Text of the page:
TO THE LIMIT, Book No. 2 in THE BODYGUARDS series
West Palm Beach, Florida
Dark, she could do, Eve Garrett thought as she sat by the curb,
her motor running. The rain was another story. She didn’t
“Or wind,” she grumbled as a strong gust rocked her
little Mazda and the downpour pelted the windshield like BBs.
Why couldn’t she be curled up in her apartment, comfy and
dry and reading a good ‘It was a dark and stormy night’ mystery
novel, instead of muttering to herself out here in one?
She was a long way from her apartment. A long way from comfy.
Instead, she was wiping steam off her driver’s side window
on a night that was also damp and muggy. And she wasn’t even
a little bit at ease about parking on this smarmy back street just
off Blue Heron Boulevard in a seedy neighborhood that stank of
garbage and rot while she waited for Tiffany Clayborne to show.
She squinted into the rain. Where was that girl?
Eve cared about the little brat – God bless her – but
Tiffany had better have a damn good reason for dragging her out
in this crap or when she finally did show up, there might be serious
hair pulling involved.
And why the theatrics, Eve wondered uneasily, losing the battle
to clear a spot on her window. Why the tears and the almost incoherent
begging that Eve meet her here, no explanation provided.
“Just come, Eve. Please. Please hurry.”
With Tiff, lately, there often wasn’t an explanation. Starting
with her eighteenth birthday six months ago, Tiffany had turned
into the quintessential spoiled little rich girl, monetarily gorged,
and emotionally starved for attention.
She’d really fired up the after burners in the spoiled rich
department lately – like anyone could really compete with
Paris Hilton. But it still gave the paparazzi plenty of fodder
for sensational stories about her exploits. Eve had figured it
was a case of Tiffany’s age proclaiming she was capable of
making adult decisions, but her brain not yet come to terms with
the new reality of maturity.
Come to terms, little girl. Soon.
The steam finally got the best of her. Eve rolled down her window
thinking back to Tiffany’s eighteenth birthday party. You
had your basic cake and balloons and candles. And then, in Tiffany’s
case, you had your instant access to a multi-billion dollar trust
Eve was thinking that all that money had screwed with her head.
Well, so had Tiffany’s father but that was a whole other
“Come on, Tiff. It’s getting wet out here.”
Eve checked her watch and told herself that to an eighteen year
old, fifteen minutes did not constitute late. To a twenty-eight
year old who had to be on the job at seven the next morning, however,
fifteen minutes constituted at the beginnings of a very bad mood.
Disgusted, she flipped out her cell phone and punched in Tiffany’s
number. No answer.
“What the heck is going on?” she wondered then sharpened
her focus outside her window when she saw a flash of movement by
one of the buildings directly across the street. She leaned over
in the seat so she could get a better look and through the rain,
saw movement again.
“Tiff? Is that you?”
Whoever it was stopped when Eve yelled, hesitated for a moment,
then ducked between two buildings.
It didn’t much matter that Eve had spent seven years as
a Secret Service agent. Didn’t much matter that she’d
logged her share of stakeouts during that time. At least it didn’t
matter to her heart rate because it ratcheted up several beats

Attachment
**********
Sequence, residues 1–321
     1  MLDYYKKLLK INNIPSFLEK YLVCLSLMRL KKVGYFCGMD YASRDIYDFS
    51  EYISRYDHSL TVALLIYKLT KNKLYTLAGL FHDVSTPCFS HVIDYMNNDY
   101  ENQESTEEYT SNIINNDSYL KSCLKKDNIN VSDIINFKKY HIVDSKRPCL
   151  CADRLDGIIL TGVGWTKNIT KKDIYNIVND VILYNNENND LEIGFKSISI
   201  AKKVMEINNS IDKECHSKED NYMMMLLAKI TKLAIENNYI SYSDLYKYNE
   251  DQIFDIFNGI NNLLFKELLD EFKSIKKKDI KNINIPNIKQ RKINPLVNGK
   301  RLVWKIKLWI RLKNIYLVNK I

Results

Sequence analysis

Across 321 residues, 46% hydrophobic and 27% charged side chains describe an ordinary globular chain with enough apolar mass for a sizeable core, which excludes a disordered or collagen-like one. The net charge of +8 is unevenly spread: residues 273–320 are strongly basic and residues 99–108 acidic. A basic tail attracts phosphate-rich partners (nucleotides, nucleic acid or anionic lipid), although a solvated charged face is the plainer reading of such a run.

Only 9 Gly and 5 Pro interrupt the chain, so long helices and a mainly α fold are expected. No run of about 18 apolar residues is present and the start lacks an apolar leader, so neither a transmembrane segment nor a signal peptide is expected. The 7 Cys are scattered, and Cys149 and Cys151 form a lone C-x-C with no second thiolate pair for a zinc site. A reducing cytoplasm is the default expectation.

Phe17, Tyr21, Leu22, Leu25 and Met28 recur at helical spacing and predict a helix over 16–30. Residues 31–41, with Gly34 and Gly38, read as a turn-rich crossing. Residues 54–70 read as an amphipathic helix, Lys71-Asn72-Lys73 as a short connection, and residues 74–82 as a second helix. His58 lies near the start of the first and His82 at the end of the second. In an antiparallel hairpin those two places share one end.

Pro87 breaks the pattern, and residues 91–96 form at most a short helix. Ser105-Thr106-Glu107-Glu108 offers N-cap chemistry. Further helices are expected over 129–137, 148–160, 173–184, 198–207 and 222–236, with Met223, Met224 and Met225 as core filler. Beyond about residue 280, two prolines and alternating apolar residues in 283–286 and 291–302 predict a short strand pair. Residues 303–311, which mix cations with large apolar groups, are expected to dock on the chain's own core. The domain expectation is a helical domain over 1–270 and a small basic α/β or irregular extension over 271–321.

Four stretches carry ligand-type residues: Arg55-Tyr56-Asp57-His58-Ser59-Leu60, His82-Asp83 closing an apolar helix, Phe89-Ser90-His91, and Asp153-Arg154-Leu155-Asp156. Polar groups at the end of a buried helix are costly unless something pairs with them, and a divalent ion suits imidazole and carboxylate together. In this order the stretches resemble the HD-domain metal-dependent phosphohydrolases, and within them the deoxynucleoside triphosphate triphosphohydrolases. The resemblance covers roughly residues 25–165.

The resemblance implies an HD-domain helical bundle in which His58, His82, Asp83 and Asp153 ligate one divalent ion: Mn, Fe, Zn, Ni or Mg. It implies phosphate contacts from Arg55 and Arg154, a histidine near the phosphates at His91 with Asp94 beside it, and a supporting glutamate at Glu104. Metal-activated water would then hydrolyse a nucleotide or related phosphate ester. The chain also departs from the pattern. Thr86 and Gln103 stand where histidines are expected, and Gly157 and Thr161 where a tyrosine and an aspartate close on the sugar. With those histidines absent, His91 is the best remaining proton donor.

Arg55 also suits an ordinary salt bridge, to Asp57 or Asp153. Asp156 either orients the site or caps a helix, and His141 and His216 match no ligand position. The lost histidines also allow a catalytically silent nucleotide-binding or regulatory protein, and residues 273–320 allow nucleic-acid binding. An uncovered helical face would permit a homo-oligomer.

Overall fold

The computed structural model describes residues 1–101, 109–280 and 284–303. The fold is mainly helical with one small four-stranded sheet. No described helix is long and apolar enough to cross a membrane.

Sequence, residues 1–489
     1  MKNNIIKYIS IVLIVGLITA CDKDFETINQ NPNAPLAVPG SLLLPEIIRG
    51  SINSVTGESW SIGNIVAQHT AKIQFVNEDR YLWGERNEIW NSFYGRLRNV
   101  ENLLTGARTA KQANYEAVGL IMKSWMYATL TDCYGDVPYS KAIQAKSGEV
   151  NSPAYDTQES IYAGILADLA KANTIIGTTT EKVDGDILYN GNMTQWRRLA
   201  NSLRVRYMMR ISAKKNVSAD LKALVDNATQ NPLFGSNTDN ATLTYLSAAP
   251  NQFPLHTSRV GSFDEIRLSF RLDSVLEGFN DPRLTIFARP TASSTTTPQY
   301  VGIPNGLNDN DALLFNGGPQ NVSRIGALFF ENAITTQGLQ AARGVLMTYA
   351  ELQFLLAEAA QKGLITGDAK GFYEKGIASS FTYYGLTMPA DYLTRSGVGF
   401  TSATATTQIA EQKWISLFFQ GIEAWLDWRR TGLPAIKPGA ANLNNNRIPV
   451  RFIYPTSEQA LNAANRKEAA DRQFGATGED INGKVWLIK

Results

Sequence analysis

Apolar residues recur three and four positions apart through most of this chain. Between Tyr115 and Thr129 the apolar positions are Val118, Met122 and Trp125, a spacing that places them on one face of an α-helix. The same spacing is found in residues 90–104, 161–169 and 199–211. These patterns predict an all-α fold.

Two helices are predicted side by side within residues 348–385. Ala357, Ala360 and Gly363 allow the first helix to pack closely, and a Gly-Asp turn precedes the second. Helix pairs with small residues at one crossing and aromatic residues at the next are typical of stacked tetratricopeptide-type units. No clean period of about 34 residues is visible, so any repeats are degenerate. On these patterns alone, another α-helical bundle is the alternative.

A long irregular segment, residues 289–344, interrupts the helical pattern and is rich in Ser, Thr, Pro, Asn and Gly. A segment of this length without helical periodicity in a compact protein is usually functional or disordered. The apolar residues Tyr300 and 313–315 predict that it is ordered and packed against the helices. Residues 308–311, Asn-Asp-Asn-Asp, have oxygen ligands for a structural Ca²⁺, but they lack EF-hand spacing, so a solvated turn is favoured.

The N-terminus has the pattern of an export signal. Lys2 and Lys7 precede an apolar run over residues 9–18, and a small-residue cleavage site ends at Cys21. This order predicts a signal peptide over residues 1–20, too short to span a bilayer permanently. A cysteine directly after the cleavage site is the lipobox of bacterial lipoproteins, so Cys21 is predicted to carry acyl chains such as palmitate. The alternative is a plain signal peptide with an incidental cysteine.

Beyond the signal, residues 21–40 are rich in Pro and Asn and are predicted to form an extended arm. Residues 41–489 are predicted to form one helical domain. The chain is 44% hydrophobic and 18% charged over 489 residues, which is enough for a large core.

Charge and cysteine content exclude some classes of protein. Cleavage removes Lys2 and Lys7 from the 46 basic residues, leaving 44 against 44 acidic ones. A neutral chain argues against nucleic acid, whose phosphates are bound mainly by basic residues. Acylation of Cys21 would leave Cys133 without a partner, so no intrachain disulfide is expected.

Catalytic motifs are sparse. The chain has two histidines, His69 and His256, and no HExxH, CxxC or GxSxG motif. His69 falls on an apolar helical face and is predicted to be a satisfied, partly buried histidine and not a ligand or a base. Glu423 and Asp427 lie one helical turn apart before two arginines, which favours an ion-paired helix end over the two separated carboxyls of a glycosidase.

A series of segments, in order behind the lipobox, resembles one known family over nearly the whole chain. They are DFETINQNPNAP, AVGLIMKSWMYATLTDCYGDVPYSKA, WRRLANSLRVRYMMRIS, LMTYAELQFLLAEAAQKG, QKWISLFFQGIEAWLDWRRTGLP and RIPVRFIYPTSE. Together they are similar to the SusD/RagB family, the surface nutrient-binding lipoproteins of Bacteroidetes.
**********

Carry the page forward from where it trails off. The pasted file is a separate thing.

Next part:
per minute as a healthy, intuitive wariness and a spike of adrenaline
had her popping open her glove box and digging for her flashlight.
She hesitated over the .38 S & W she pretty much went nowhere
without then tucked it in her waistband at the small of her back.
With a muttered oath, she stepped out into the rain.
“You’d better have a good reason for playing this
game, little girl,” she sputtered under her breath.
But even as she said it, Eve sensed, gut deep, that this wasn’t
a game. Something was wrong. She just hadn’t wanted it to
be. Tiffany was vulnerable. Prime predator bait. And what Eve had
just seen duck between the buildings looked a lot more like predator
She was completely drenched by the time she ran across the lot
and tucked in next to a dingy gray cinderblock building. The adjacent
building was an ugly mustard brown brick. The walkway between the
two was narrow and dark; the weeds growing in the dirt that had
softened to mud were the primary landscape materials.
And Tiffany was the primary reason Eve was about to put her life
on the line. She reached behind her back for her gun, flicked off
the safety and gripping the weapon in both hands, swung into the
Water gushed from the roofs, bypassing debris-clogged eves. Nothing.
She could see nothing through the deluge. And then she felt nothing.
Nothing but pain as an arm hooked around her neck and dragged her
back against a body as hard and unyielding as the building she
was suddenly slammed into.
She could barely breath, wouldn’t be on her feet if her
attacker hadn’t pinned her between him and the rough cinder
block wall. Somewhere at her feet was her gun. And somewhere in
the dark, she heard the wail of a far away police siren.
“You’re dead,” he said, his hot breath fanning
her ear as the rain poured like a waterfall around them.
The forearm crushing her throat jerked viciously. Pain knifed
through her windpipe. She gasped, sucking for a breath that wasn't
gorged with rain and pain and willed herself not to pass out.
“You’re dead,” he repeated, his voice as void
of emotion as the night was void of light. “You just don’t
know it yet.”
Exquisite, mind-searing pain ripped through her system. She felt
a scream boil up just as another jolt tore into her and her muscles
started to spasm. By the third jolt, her eyes had rolled back in
And by the time he let her fall in a boneless lump to the muddy
ground, the prospect of death was a welcome relief.